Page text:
January 3, 2012

Rest is not the opposite of action.

Photo by shikeroku (used under Creative Commons license)

Sometimes my fallow periods are filled with resistance: I want something specific to happen and it's just not happening (yet), leading me to recognize that things are still germinating. At other times, lying fallow is a deliberate choice that I make.

Six months ago I received two devastating pieces of news within a few days of each other, and the nature of my circumstances led me to choose rest as the best course of action. It's as if I were lucky enough to walk away intact from a train wreck, and rather than immediately searching for another train heading toward my original destination, I decided to just walk for a while and take in the landscape. To slow down, serve in a smaller way for a while, and discern the shape of things.

Though I've been at peace with my decision, reading this post by Alana Sheeren on practicing self-care led me to an epiphany: Rest is not the opposite of action.

Alana writes: "The revelation that has come this past week is that inspired action and slowing down aren’t mutually exclusive if I let go of the thought that I need to be there now. I can get more sleep and spread the word about the pregnancy loss support group I’m starting. I can meditate and journal and answer my emails. But I can only do this if I truly let go and trust that there is time."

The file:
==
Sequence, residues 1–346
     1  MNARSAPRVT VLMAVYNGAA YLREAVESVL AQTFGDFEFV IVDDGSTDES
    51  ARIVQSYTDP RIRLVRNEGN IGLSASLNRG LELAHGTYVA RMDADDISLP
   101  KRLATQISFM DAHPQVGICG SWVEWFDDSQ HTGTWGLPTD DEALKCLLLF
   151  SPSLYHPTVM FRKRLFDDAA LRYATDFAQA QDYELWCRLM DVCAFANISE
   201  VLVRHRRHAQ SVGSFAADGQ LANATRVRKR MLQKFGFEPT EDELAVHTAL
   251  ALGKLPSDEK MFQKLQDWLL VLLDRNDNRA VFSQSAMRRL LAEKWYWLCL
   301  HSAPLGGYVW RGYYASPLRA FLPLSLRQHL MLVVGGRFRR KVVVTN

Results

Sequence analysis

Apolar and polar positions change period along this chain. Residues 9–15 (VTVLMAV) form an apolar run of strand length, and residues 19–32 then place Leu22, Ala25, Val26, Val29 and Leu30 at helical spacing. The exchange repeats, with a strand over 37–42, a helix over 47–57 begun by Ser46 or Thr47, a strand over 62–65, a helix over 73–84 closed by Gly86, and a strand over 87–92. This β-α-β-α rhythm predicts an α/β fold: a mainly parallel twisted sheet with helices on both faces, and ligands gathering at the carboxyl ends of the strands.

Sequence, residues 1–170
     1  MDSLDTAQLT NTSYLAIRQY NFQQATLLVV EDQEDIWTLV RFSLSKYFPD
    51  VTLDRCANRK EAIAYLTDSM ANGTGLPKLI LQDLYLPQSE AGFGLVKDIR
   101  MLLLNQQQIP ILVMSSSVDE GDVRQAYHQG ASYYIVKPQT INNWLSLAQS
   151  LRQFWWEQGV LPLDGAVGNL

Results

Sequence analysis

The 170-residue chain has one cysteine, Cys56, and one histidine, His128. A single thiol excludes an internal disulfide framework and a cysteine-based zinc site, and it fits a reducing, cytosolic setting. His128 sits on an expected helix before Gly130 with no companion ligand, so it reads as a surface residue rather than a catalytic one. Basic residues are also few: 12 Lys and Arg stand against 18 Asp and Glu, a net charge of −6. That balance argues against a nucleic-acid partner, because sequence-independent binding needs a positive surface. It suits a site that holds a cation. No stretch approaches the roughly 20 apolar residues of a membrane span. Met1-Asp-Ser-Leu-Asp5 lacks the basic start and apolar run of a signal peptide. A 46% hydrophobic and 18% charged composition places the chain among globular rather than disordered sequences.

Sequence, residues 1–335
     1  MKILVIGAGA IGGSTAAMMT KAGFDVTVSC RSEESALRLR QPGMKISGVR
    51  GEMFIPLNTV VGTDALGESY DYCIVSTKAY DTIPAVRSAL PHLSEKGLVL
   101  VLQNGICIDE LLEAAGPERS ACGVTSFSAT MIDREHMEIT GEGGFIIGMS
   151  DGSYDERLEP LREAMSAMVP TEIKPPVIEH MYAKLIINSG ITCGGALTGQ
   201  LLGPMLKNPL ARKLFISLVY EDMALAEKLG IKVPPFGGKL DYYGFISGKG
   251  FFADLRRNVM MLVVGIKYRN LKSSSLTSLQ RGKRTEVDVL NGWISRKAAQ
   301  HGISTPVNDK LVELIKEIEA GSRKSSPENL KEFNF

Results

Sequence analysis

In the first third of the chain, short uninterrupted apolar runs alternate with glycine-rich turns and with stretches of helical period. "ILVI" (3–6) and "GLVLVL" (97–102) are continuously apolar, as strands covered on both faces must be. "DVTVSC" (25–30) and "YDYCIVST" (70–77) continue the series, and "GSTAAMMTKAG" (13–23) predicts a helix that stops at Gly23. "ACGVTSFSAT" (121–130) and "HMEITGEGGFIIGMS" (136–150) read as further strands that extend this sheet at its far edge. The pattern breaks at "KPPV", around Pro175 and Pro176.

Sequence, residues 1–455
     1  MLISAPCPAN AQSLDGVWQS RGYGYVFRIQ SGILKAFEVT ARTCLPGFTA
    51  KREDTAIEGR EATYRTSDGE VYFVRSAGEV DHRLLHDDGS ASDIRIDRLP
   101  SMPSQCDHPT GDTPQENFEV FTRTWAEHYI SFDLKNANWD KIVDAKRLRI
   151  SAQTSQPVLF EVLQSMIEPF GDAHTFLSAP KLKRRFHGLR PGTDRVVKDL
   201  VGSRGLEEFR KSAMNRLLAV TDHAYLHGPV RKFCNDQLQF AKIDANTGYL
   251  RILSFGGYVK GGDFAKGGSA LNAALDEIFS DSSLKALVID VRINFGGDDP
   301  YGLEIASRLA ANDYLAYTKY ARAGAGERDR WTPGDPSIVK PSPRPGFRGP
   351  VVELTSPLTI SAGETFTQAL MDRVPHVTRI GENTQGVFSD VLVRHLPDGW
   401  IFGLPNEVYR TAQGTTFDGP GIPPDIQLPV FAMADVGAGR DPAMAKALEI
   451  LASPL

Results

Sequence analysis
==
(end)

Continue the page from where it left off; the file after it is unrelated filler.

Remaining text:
These words sparked an insight for me: If "inspired action and slowing down aren't mutually exclusive," then rest contains elements of action, and action CAN include elements of rest.

I've always seen it as rest versus action, as if the two can only be at odds. But if there is action that happens within a state of rest, then rest isn't just restorative (taking you back to where you were before) but also transformative (bringing you into a new landscape entirely). And if there can be places of rest within a state of action, then that changes the game entirely, doesn't it? What if restorative transformation can happen all along the way? What if there's a deep breath available with every step?


  1. I am thrilled my words were the spark for this new vision around rest and action. Wishing you many deep breaths along the way.

  2. Very timely message for me. Sometimes, it seems like you and my therapist are on the exact same wavelength. Is there a "message of the week" email group out there telling ya'll what to say to us? LOL